Does Rehab for Terrorists Work?

The leader of the al Qaeda group that claimed responsibility for trying to blow up a U.S. airliner on Christmas Day was released from the Guantanamo Bay prison for terrorists on the condition that he be sent to a terrorist rehab center in Saudi Arabia.

The rehabilitation of terrorist Said Ali al-Shihri was an obvious failure and it now raises serious questions about the Obama administration's plan to send another 100 Yemeni prisoners from Gitmo to Saudi rehab camps in an effort to empty the Gitmo prison and close it down.

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It has also put a spotlight on the rehab camps amid questions whether they really work, especially for hard core jihadists who get released from Gitmo.

In a country renowned for medieval forms of punishment – which include flogging and cutting off the hands of thieves – Saudi Arabia's 12-step program for terrorists looks like summer camp by comparison.

The rehabilitation program is intended to deprogram radicalized militants who have been convicted of terror-related offenses by offering psychological counseling, classes in more moderate forms of Islam, and alternative ways to vent their energy, including art therapy, swimming, and playing sports and video games.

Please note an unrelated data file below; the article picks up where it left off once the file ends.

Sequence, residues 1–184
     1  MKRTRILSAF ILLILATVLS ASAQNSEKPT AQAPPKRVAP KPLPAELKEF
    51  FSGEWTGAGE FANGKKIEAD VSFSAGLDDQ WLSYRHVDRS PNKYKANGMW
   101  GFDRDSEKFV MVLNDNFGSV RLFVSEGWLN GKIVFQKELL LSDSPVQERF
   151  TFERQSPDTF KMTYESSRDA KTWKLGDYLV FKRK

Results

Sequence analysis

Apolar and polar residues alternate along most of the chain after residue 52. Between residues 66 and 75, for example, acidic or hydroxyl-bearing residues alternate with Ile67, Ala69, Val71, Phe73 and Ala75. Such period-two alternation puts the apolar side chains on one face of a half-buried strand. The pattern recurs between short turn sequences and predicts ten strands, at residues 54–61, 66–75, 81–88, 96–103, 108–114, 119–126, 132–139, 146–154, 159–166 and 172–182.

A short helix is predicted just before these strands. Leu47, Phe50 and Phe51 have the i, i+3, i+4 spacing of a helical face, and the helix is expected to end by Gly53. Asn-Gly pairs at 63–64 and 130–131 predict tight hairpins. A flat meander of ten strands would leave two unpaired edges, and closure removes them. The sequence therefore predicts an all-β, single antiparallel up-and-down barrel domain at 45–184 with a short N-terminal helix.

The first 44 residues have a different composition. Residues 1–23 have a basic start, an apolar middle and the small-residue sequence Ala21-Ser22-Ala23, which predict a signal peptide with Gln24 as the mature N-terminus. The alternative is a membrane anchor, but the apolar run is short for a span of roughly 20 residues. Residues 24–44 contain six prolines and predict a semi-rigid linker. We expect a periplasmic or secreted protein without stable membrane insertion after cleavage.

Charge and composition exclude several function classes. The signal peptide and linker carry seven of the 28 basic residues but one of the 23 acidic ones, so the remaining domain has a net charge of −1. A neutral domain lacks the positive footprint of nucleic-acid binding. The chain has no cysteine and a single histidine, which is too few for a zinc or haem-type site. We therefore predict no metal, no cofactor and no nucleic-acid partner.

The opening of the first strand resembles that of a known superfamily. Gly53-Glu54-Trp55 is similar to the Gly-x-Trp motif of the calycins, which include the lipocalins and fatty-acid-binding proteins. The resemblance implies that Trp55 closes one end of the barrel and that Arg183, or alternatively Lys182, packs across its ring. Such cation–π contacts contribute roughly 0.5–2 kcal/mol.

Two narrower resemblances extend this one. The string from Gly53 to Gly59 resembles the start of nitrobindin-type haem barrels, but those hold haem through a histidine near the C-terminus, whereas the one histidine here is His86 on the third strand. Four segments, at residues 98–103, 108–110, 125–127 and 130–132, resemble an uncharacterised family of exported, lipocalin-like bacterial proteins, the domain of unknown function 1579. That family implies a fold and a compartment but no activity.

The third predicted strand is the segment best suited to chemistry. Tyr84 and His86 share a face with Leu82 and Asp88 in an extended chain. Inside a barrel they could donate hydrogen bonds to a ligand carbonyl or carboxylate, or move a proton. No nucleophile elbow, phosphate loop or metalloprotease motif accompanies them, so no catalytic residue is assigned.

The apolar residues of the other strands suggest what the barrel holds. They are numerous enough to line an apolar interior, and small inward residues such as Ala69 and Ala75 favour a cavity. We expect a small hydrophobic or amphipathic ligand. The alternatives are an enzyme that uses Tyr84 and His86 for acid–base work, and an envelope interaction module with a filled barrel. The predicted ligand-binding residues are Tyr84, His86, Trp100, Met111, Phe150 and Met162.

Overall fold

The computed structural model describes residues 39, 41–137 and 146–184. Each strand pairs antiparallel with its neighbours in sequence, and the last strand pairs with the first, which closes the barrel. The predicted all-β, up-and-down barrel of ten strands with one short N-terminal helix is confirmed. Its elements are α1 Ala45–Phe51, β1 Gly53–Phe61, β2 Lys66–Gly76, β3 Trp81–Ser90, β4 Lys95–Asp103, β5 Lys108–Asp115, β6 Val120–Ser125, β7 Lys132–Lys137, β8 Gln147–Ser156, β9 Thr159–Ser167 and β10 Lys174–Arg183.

The Saudis boast that since the program was implemented it has been 80 percent successful, with only 20 percent of inmates going on to commit crimes that result in their being "wanted, captured or killed in security incidents."

Some 3,000 prisoners have gone through the program since 2003 and there are about 1,000 inmates still enrolled, according to the Carnegie Endowment for International Peace.

At Least 11 Terrorists Released From Gitmo Returned to the Fight

But the rate of recidivism is considerably higher among former Guantanamo detainees. Of the 85 names on Saudi Arabia's most wanted list, 11 of them were detained at Guantanamo Bay.

Said Ali al-Shihri, known during his six years at Guantanamo Bay as prisoner #372, was sent back to Saudi Arabia as part of a second wave of repatriated militants in November 2007. He then spent just six to 10 weeks at the kingdom's largest rehabilitation facility, the Prince Mohammed bin Nayef Centre for Care and Counseling.

"There are guards and gates and barbed wire but it's not quite prison," said Christopher Boucek of the Carnegie Endowment for International Peace, who has visited the center and interviewed numerous former participants. "It's a communal living environment that's more like 'Hogan's Heroes' than 'Escape From Alcatraz.'

"They can even sometimes have dinner with their family members there. They're often outside, can see the sky and there is grass on the ground," Boucek said.

Prisoners have 24-hour access to telephones and can be furloughed to spend time with their families on holidays or special occasions.

In a culture where individuals typically submit to the wishes of their clans, much of the Saudi rehabilitation program focuses on the participants' families. Inmates are warned that if they escape, a family member will be forced to take his place in prison.

Each participant and his family are given a monthly stipend of between $700 and $1,000 and single terrorists are encouraged to get married and start their own families, with the goal of creating social networks outside terrorist networks.

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